Google switches off default selfie retouching in Pixel 5, 4A

Studies have shown photos can negatively affect mental well-being when people don't know filters are in use, the company says.

Abrar Al-Heeti Video producer / CNET
Abrar Al-Heeti is a video host and producer for CNET, with an interest in internet trends, entertainment, pop culture and digital accessibility. Before joining the video team, she was a writer for CNET's culture team. She graduated with bachelor's and master's degrees in journalism from the University of Illinois at Urbana-Champaign. Though Illinois is home, she now loves San Francisco -- steep inclines and all.
Expertise Abrar has spent her career at CNET breaking down the latest trends on TikTok, Twitter and Instagram, while also reporting on diversity and inclusion initiatives in Hollywood and Silicon Valley. Credentials
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Abrar Al-Heeti
2 min read
Google Pixel 5 cameras

Google's Pixel 5 won't apply camera filters by default.

Screenshot by Stephen Shankland/CNET

Google is rolling out a measure in its latest Pixel phones  that's designed to curb the negative impact of unrealistic beauty standards. Starting with the Pixel 5 , Pixel 4A and Pixel 4A 5G, the company is turning off face retouching options by default in the camera app, it said in a Thursday blog post. 

People can still access the retouching features within the app, but filters won't be automatically applied in order to prevent users from unknowingly using them and then comparing themselves to those retouched images. 

The search giant said it conducted multiple studies and spoke with child and mental health experts "and found that when you're not aware that a camera or photo app has applied a filter, the photos can negatively impact mental well-being. These default filters can quietly set a beauty standard that some people compare themselves against."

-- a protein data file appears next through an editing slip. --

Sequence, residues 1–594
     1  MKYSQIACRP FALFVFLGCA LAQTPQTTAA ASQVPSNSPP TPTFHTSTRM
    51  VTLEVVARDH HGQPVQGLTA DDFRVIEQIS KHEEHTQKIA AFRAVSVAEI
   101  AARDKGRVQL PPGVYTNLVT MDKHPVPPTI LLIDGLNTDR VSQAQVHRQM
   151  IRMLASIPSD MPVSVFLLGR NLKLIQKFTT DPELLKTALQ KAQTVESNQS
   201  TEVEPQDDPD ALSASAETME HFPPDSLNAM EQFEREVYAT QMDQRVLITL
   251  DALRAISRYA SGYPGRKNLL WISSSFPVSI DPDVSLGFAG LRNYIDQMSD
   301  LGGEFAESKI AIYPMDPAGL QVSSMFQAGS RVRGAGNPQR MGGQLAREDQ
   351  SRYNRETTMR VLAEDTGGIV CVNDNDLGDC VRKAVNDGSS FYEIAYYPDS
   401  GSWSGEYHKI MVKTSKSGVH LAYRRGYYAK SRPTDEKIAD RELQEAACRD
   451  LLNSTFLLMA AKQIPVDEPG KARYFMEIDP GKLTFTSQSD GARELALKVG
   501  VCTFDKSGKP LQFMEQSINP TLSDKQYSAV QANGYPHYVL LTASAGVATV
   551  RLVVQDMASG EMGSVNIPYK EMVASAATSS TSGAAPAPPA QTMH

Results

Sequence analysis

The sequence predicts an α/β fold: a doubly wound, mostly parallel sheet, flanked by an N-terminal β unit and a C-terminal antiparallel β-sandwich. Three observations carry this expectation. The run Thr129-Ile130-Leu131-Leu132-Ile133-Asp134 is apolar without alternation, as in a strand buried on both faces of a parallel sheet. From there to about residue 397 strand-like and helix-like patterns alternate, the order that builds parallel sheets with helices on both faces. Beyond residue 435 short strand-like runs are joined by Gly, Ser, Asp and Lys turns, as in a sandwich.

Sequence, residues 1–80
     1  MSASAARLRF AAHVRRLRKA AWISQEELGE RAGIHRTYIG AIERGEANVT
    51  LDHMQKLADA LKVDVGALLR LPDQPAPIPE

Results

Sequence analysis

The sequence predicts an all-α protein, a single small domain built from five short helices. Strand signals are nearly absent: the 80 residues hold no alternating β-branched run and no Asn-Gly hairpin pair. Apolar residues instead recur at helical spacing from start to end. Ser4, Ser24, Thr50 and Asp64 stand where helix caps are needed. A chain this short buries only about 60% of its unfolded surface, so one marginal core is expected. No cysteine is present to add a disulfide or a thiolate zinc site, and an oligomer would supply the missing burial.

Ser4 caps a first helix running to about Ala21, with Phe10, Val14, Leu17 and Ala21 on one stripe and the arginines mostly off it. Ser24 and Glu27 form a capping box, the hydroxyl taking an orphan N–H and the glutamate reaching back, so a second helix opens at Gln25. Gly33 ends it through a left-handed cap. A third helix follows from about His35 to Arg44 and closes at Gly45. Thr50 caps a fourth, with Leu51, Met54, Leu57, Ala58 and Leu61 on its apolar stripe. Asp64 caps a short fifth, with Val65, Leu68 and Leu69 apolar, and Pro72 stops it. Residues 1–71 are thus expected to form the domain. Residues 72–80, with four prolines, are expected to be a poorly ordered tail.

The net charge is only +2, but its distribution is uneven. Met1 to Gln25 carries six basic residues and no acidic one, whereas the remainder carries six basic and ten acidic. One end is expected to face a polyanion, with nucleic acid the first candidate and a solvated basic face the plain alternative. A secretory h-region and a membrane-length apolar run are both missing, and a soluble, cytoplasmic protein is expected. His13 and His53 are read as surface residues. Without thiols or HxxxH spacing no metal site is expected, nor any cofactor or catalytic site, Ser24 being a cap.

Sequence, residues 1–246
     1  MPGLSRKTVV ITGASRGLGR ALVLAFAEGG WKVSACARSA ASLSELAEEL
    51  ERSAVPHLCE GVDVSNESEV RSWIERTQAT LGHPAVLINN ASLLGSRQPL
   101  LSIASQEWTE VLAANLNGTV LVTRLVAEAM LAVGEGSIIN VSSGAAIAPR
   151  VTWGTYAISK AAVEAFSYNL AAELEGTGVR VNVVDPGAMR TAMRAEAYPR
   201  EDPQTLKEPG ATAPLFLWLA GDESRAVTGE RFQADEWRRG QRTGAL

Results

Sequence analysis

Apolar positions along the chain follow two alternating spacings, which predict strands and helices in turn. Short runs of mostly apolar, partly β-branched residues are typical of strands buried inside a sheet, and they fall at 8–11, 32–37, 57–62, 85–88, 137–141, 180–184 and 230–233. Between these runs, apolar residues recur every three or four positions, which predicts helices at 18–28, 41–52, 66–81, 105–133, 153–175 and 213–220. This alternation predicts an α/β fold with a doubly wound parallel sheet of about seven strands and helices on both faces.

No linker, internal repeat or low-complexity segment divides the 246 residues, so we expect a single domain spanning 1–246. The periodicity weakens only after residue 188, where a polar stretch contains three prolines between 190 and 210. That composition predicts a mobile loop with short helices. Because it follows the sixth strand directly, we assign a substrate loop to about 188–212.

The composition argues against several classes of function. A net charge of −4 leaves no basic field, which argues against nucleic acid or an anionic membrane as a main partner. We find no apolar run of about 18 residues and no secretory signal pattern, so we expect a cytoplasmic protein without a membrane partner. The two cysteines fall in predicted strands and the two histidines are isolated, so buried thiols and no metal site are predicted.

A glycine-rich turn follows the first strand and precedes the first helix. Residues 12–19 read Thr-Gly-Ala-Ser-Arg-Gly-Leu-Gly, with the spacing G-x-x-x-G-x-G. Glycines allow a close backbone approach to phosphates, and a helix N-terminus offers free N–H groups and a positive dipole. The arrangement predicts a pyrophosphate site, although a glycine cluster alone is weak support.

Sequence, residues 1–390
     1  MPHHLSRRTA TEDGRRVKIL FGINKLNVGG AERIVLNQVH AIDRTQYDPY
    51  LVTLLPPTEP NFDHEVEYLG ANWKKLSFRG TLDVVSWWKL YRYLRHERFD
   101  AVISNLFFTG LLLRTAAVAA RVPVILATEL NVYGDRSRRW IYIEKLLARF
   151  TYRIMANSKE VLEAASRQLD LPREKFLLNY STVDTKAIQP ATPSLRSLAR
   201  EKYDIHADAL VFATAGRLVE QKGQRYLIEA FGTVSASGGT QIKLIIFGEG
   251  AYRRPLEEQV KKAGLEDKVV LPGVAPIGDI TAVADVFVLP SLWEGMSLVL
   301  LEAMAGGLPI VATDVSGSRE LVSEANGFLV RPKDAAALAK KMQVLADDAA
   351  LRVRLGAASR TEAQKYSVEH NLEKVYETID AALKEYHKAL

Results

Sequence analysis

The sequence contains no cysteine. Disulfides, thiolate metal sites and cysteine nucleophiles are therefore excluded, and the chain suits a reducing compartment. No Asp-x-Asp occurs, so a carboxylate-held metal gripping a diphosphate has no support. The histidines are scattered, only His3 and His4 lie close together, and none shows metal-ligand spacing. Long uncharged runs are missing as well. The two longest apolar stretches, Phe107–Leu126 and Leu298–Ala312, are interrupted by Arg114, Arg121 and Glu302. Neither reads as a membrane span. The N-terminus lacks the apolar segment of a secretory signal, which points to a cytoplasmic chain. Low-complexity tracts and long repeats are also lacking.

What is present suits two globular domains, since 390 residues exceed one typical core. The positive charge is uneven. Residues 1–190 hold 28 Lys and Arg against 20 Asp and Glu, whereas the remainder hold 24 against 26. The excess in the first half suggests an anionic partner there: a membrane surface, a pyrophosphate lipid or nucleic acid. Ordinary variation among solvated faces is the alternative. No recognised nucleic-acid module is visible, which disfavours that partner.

A future update will show users "value-free, descriptive icons and labels for face retouching options," meaning they won't be referred to as "beauty" filters. That way, Google says, "you can decide what retouching means to you." If you select a face retouching effect, Google will show you more information about how settings are applied and how they alter your image. 

Discussions around technology and mental health have amplified as people feel mounting pressure to look perfect online. After being criticized for harboring harmful content and fostering anxiety and depression, social media platforms like Instagram and Facebook have taken measures designed to reduce users' anxiety and stress, such as hiding likes. Other tech giants, like Apple and Google, have also rolled out well-being tools aimed at helping users monitor their screen time.